This basketball season, Garner has fought through leg injuries. He’s taking treatment regularly. But he’s also shown he is able to knock down big shots on the perimeter. He hit seven 3-pointers against St. Mark’s Jan. 12.

But Coffman said his greatest strength on the floor is his intelligence.

“He may not possess the natural ability of some people but he makes up for it by being smarter than his opponent,” Coffman said. “He’s usually in the right spot.”

Ranked No. 1 in his class, Garner said he’s motivated to follow his sister Kelsey’s footsteps. He has been accepted at SMU and Texas A&M but is waiting to hear if he will be accepted at Stanford or Vanderbilt. But he does admit he has yet to pick a major or career.

“That’s the one question I can’t answer,” Garner said.

No doubt, he’ll find a way to be in charge.

SIDEDISHES

  • Neither showdown Tuesday lived up to the billing as the Decatur Lady Eagles and Bridgeport Bulls each pulled off double-digit victories. But the atmosphere was perfect and all four teams will benefit from playing before a standing-room only crowdmoving forward
  • By the way, there were some great, creative signs Tuesday in Bridgeport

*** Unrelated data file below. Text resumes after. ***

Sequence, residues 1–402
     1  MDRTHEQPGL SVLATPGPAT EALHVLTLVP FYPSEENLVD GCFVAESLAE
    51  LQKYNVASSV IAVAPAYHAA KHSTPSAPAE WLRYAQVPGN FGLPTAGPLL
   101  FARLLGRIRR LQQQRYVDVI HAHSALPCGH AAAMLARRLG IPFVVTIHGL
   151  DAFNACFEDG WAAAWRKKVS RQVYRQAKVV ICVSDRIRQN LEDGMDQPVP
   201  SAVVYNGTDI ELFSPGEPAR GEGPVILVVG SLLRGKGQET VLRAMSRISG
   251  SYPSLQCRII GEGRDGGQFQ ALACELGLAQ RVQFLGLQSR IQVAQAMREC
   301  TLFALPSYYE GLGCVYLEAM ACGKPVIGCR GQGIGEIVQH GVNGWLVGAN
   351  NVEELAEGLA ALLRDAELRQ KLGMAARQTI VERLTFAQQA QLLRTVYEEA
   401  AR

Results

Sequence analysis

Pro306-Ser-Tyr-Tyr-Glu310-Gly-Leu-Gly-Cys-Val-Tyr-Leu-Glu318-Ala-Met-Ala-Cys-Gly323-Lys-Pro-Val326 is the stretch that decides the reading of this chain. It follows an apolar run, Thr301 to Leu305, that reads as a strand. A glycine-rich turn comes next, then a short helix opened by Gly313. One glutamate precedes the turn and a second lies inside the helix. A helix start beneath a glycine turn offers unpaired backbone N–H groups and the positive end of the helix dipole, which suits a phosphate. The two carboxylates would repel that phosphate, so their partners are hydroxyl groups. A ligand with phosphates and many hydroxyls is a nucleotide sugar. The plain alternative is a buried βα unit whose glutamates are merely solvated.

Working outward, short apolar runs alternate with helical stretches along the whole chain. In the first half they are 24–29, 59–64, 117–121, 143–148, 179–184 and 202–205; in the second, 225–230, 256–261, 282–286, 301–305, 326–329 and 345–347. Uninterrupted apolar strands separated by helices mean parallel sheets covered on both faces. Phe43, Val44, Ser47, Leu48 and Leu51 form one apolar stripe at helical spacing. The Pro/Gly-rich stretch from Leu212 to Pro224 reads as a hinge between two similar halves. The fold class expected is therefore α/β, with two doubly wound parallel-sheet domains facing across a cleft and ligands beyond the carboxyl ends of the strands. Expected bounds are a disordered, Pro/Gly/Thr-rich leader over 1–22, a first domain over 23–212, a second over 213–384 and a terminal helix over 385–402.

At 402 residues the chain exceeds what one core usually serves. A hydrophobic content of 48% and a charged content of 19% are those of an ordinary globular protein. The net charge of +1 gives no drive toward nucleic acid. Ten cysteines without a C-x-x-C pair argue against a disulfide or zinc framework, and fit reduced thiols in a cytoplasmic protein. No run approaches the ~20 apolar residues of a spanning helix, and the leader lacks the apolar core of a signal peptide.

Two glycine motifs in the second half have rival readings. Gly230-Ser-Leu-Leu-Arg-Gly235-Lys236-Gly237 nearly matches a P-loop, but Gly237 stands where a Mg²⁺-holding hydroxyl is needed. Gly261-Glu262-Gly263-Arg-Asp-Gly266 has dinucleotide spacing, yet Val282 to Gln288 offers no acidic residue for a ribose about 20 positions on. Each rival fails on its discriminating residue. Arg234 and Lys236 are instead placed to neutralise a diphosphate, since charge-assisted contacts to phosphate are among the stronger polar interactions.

• As nearly every girls team in Wise County is in the second half of league play, seven of the eight are currently holding playoff spots. That has to be a record. Also five – Decatur, Bridgeport, Alvord, Slidell and Paradise – still have legitimate shots to win district titles in their respective leagues
  • Slidell could be the first to wrap up a girls district title. The Lady Greyhounds could seal the crown by Tuesday with a win over Forestburg
  • The All-Wise County Football team will be announced Saturday. The offensive selections were the toughest in my six years here
  • The super matchup between the New England Patriots and Seattle Seahawks has taken a backseat to the controversy on whether or not the Patriots purposely deflated 11 of the 12 footballs that were used in the AFC title game. My question, why not deflate all 12? Don’t worry, the NFL is investigating. Hope they don’t need a video tape